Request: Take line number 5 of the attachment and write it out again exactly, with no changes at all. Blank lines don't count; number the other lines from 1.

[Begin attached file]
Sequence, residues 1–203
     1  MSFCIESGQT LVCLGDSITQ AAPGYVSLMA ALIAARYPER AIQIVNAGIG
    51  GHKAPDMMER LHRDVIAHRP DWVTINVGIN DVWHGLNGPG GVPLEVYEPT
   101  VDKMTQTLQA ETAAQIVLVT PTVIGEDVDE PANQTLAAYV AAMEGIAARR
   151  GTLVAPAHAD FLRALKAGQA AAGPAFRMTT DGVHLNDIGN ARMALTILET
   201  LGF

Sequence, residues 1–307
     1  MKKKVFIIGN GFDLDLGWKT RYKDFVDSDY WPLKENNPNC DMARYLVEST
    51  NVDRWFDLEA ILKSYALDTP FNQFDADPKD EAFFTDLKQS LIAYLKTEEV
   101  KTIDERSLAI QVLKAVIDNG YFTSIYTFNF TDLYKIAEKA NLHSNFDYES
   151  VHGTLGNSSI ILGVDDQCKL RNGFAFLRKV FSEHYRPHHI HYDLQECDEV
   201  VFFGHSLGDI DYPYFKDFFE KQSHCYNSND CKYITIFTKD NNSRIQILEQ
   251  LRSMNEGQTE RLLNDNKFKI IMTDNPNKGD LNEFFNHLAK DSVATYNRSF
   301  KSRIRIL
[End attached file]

   151  GTLVAPAHAD FLRALKAGQA AAGPAFRMTT DGVHLNDIGN ARMALTILET